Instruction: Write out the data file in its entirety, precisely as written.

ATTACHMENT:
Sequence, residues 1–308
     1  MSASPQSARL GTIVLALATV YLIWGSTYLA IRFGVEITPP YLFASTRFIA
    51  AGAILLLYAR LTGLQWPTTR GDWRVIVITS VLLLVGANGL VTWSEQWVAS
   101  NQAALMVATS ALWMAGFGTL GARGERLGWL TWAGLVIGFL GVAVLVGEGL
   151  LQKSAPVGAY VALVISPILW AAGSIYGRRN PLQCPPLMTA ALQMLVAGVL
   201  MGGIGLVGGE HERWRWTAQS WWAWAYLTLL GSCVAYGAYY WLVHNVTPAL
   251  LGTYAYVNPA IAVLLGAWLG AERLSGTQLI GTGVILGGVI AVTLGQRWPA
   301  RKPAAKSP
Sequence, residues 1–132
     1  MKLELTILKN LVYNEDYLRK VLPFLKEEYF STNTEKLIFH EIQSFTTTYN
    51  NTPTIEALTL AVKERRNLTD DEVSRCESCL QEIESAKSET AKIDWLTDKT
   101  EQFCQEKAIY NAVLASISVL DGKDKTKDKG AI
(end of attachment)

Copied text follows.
Sequence, residues 1–308
     1  MSASPQSARL GTIVLALATV YLIWGSTYLA IRFGVEITPP YLFASTRFIA
    51  AGAILLLYAR LTGLQWPTTR GDWRVIVITS VLLLVGANGL VTWSEQWVAS
   101  NQAALMVATS ALWMAGFGTL GARGERLGWL TWAGLVIGFL GVAVLVGEGL
   151  LQKSAPVGAY VALVISPILW AAGSIYGRRN PLQCPPLMTA ALQMLVAGVL
   201  MGGIGLVGGE HERWRWTAQS WWAWAYLTLL GSCVAYGAYY WLVHNVTPAL
   251  LGTYAYVNPA IAVLLGAWLG AERLSGTQLI GTGVILGGVI AVTLGQRWPA
   301  RKPAAKSP
Sequence, residues 1–132
     1  MKLELTILKN LVYNEDYLRK VLPFLKEEYF STNTEKLIFH EIQSFTTTYN
    51  NTPTIEALTL AVKERRNLTD DEVSRCESCL QEIESAKSET AKIDWLTDKT
   101  EQFCQEKAIY NAVLASISVL DGKDKTKDKG AI